Heavy D was a triple threat: a rapper, an actor, and a savvy businessman. We remember Heavy D’s life today as well as the lives of other notable people who died this day in history.
Heavy D was a triple threat: a rapper, an actor, and a savvy businessman. He was a prolific musician and hip-hop visionary, eventually leading the Uptown Records label, making him the first rapper to lead a major label. He was also responsible for Sean “Diddy” Combs’ first job in the music industry, and he provided financial support and encouragement for new artists in the genre. We remember Heavy D’s life today as well as the lives of other notable people who died this day in history.
2014: Phil Crane, U.S. politician who represented Illinois in the U.S. House of Representatives from 1969 to 2005, dies at 84.
Crane also made an unsuccessful run for the Republican presidential nomination in 1980, losing out to the eventual winner, Ronald Reagan, who would go on to become the politician most closely associated with the modern conservative movement. But Crane had touted what he saw as the virtue of smaller government going back to the 1960s, spelling out his vision of a stripped-down, low-tax federal government in his 1976 book, “The Sum of Good Government.” Read more
2012: Lucille Bliss, U.S. actress and the voice of the TV cartoon character Smurfette, dies at 96.
2011: Heavy D, born Dwight Errington Myers, Jamaican-born U.S. hip-hop artist and producer, dies of a blood clot in the lung at 44.
Heavy D may not have been ready to go Nov. 8, but even so, he left his fans with some last words of advice. On a Twitter feed that was often peppered with inspirational words, Heavy D signed off with a final, perfect tweet on the morning of his death: “BE INSPIRED!” Fittingly, Heavy D’s fans responded with their own words of inspiration, sharing comfort and condolences in his online Guest Book. In less than 24 hours, the Guest Book received more than 700 messages of sympathy and support, and entries continued to pour in from devoted D fans. Read more
2011: Bil Keane, U.S. cartoonist and creator of the long-running comic strip “The Family Circus,” dies of congestive heart failure at 89.
Although Keane kept the strip current with references to pop culture movies and songs, the context of his comic was timeless. The ghost-like “Ida Know” and “Not Me” who got blamed for household accidents were staples of the strip. The family’s pets were dogs Barfy and Sam, and the cat, Kittycat. “We are, in the comics, the last frontier of good, wholesome family humor and entertainment,” Keane said, according to his obituary by The Associated Press. “On radio and television, magazines and the movies, you can’t tell what you’re going to get. When you look at the comic page, you can usually depend on something acceptable by the entire family.” Read more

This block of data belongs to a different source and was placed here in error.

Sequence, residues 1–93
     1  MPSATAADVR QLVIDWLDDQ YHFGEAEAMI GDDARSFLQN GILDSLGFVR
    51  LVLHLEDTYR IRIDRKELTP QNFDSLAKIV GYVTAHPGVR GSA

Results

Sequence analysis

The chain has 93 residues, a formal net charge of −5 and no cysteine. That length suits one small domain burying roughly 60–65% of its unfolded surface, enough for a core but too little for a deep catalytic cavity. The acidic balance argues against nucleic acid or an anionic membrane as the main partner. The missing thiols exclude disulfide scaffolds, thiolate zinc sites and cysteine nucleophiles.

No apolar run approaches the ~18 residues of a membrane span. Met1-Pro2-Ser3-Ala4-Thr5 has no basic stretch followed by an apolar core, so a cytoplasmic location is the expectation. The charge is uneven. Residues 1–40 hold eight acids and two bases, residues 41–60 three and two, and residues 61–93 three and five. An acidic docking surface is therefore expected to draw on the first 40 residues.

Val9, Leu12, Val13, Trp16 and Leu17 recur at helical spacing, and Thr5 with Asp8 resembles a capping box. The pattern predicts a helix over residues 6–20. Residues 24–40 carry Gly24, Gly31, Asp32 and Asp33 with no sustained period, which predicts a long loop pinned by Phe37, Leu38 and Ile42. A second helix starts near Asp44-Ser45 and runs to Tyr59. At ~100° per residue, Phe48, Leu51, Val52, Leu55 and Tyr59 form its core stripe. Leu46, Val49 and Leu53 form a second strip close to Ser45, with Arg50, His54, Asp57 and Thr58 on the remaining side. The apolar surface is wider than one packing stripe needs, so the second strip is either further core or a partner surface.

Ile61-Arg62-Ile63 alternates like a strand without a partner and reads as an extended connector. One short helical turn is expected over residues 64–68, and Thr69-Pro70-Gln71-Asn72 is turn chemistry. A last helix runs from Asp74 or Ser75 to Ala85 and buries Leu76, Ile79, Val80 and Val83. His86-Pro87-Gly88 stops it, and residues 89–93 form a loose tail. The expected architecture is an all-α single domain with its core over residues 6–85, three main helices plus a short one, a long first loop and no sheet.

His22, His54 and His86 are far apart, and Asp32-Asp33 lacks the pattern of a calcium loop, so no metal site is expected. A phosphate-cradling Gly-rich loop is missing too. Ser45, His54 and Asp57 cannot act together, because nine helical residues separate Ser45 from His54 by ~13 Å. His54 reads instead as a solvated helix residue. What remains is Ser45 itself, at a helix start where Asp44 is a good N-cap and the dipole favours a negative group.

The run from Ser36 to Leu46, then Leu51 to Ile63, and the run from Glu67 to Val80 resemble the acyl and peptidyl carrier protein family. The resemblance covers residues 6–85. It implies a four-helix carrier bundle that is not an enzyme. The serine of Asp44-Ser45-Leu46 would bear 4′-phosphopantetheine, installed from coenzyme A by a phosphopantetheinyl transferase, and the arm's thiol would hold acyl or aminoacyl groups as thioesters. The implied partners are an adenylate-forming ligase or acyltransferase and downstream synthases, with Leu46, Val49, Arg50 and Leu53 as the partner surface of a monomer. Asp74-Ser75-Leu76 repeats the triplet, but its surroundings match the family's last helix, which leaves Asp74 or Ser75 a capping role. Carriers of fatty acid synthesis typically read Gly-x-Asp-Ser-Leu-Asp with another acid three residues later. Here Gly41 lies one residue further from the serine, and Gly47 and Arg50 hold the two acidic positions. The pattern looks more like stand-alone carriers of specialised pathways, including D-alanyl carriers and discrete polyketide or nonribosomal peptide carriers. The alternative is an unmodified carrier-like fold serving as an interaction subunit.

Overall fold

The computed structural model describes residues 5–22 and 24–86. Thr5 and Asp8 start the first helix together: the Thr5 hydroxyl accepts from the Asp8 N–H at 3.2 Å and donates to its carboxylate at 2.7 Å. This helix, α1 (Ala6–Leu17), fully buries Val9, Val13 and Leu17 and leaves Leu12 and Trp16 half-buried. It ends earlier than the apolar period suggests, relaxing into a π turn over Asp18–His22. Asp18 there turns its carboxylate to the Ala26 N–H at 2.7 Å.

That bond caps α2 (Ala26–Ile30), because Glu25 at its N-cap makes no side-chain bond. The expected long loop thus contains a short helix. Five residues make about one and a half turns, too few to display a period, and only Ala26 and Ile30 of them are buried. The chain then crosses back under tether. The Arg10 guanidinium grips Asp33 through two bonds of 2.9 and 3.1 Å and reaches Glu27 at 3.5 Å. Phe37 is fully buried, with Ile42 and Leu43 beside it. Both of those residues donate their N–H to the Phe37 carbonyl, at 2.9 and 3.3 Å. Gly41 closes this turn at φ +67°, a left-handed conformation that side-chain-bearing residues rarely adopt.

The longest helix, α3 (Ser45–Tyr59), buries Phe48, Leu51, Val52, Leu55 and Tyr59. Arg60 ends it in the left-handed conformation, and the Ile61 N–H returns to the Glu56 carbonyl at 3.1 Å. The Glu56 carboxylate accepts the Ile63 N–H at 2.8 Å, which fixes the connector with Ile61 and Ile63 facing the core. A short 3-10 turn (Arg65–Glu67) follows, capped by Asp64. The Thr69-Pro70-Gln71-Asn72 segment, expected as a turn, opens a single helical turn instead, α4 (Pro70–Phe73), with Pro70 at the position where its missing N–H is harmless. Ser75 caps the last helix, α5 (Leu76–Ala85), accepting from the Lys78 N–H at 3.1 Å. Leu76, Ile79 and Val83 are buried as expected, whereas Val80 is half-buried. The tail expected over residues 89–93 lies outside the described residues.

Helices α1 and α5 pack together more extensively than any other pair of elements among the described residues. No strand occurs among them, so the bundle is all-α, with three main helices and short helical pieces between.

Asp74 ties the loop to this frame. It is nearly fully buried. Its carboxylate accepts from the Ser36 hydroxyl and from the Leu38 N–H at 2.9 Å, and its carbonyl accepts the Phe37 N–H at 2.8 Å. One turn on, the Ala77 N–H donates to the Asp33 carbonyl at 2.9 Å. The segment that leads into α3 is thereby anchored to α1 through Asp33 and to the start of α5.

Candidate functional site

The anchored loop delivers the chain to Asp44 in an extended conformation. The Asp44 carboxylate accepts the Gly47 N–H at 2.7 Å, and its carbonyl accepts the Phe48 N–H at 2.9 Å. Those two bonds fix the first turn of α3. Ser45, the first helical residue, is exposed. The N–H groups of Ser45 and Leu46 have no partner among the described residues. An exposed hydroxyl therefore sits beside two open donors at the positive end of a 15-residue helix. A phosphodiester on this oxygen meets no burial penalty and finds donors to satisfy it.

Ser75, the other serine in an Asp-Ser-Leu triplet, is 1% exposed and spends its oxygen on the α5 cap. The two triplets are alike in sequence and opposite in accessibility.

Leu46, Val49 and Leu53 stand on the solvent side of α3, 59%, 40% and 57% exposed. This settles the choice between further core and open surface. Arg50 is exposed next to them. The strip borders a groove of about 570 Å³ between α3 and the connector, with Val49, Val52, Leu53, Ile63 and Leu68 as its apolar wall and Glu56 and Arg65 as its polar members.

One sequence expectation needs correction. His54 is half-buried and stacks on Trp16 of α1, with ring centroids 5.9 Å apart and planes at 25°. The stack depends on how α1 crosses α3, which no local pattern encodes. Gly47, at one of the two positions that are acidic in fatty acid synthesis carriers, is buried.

2010: Quintin Dailey, U.S. basketball player who played for the Chicago Bulls among other teams, dies of heart disease at 49.
Former USF coach Dan Belluomini, who recruited Dailey from high school at Cardinal Gibbons in Baltimore, said he was a tremendous player and terrific worker, according to his obituary by The Associated Press. “He was a big surprise when he came to USF as a freshman and I remember (former Georgetown coach) John Thompson telling me that Quintin was a great player and when you get him at San Francisco you will find out how good,” Belluomini said. “About 20 minutes into the first practice, I found out how true that was.” Read more
2003: C.Z. Guest, U.S. socialite and fashion icon, dies at 83.
Truman Capote called her a “cool vanilla lady.” British Vogue said she had “the face of a flower.” Socialite Guest was dressed by the most talented designers, lived at the most exclusive addresses –– Boston’s North Shore, Long Island, Palm Beach –– married at best man Ernest Hemingway’s home in Cuba, rode the most thorough-bred thoroughbreds, and partied in the most rarefied circles. Read more
1999: Lester Bowie, U.S. jazz trumpet player who co-founded the Art Ensemble of Chicago, dies at 58.
1994: Michael O’Donoghue, U.S. comedy performer and the first head writer for the TV show “Saturday Night Live,” dies of cerebral bleeding at 54.
1983: James Hayden, U.S. actor who appeared in the movie “Once Upon a Time in America,” dies of a heroin overdose at 29.
1983: James Booker, U.S. rhythm and blues pianist who played with Dr. John and Jerry Garcia, dies at 43.
1978: Norman Rockwell, U.S. painter and illustrator who drew iconic covers for The Saturday Evening Post magazine, dies at 84.
One of the ironies of Rockwell’s paintings and the adjective “Rockwell-esque” that has come to mean homey and heartwarming, is that his art did not imitate his life. The new biography explores “the relationship between the artist’s despairing personality and his genius for reflecting American’s brightest hopes,” according to the Norman Rockwell Museum in Stockbridge, Massachusetts. “Rockwell would have been the first to tell you that the pictures he painted were not meant to be taken as a documentary history of American life during his time on earth, and least of all as a record of his life,” David Kamp wrote in a 2009 Vanity Fair article. Rockwell himself wrote, “The view of life I communicate in my pictures excludes the sordid and ugly. I paint life as I would like it to be.” Read more
1974: Ivory Joe Hunter, U.S. R&B singer-songwriter and pianist aka the Happiest Man Alive, dies at 60.
1968: Wendell Corey, U.S. actor who was in “Rear Window” and starred on “The Nanette Fabray Show,” dies at 54.
1887: John Henry “Doc” Holliday, U.S. gambler, gunfighter, and dentist, dies at 36.